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Bronze casting at Montale
We took part in a guided tour of a group of schoolchildren at the Open Air. They were presented with a number of slides and a long explanation (in Italian, of course) on the Archeology of the site. This explanation was rather long, some 30-45 minutes. The associated activity of digging for archeological finds is one we have had in Archeon in the past, but we found that too few of the children could actively participate. However, it did work in this setting. The cataloguing of the finds afterwards placed the activity in a wider setting. This is very good from an educational point of view, but again, costs quite a bit of time.
From this experience we can take home the idea of placing concrete activities in a broader (academic) context. But in Archeon our experience is that the activities and associated tours should be much shorter, also due to the fact that we often have large numbers of visitors on-site.
Learning from the Bronze casting displays in the Open Air Museum, we found it curious that they were done in modern clothing and in a modern context. We are used to having our displays and our tour-guides (Archeo-interpreters) in thematic (prehistoric, roman, medieval, etc) clothing. However, by placing the guide or the demonstrator outside of the context of the actual activity of casting, the focus comes to lie more completely on the activity or demonstration itself. The guide / archeologist also has more (academic) authority when not in thematic clothing.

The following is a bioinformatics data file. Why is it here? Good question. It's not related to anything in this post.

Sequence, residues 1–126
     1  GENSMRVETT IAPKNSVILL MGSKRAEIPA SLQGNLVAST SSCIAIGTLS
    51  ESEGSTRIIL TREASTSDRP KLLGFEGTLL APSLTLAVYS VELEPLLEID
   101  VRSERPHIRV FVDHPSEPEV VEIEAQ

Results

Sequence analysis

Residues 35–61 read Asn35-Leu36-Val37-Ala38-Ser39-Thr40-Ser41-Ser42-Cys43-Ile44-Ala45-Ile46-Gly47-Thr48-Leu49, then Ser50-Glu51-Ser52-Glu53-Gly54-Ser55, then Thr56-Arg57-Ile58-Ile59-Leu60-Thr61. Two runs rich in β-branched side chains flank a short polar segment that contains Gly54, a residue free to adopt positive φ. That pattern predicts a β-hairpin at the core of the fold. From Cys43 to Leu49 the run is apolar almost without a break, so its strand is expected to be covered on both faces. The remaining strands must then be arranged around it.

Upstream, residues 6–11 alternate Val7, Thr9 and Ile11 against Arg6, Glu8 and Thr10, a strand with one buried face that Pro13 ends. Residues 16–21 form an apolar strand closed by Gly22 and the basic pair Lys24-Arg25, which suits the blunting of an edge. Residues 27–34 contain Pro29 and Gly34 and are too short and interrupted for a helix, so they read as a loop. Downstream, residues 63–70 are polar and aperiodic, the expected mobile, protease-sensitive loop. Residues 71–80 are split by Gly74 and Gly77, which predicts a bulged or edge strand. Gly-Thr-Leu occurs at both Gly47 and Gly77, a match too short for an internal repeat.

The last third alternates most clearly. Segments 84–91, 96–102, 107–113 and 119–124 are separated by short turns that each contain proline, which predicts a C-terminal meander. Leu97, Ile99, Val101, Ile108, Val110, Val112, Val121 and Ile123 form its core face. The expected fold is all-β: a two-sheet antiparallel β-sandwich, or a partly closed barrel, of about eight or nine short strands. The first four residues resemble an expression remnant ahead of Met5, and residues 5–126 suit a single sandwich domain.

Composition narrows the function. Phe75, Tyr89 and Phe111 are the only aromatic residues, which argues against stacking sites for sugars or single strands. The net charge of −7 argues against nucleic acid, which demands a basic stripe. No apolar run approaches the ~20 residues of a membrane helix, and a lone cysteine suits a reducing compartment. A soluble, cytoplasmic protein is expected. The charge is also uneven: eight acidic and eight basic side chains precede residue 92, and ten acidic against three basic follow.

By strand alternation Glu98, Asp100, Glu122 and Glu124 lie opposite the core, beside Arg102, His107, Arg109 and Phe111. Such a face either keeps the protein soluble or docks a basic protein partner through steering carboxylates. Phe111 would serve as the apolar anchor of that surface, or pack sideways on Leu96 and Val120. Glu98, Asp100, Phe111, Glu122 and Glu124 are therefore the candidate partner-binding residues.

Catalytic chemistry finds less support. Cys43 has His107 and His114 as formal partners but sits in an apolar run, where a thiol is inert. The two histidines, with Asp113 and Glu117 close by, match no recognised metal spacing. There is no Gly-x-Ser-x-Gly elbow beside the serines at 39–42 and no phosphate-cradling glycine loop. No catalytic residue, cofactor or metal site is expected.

Being able to participate first-hand in bronzecasting is a great experience and could even be offered to interested parties (archeologists for instance) as a workshop or as part of a teambuilding exercise, for instance. It has also inspired us to resurrect a weekly bronzecasting meeting among our own staff. And a weekly or monthly bronze casting demonstration for our visitors.
Placing the casting itself in a broader context again, by making the casting part of a process (prospecting, mining, transporting, casting, finishing, trading), enriches the whole experience. Brainstorming on how to implement the activity and also the context of the activity is something that can be applied to many displays, not just bronzecasting.
This project has been funded with support from the European Commission. This publication [communication] reflects the views only of the author, and the Commission cannot be held responsible for any use which may be made of the information contained therein.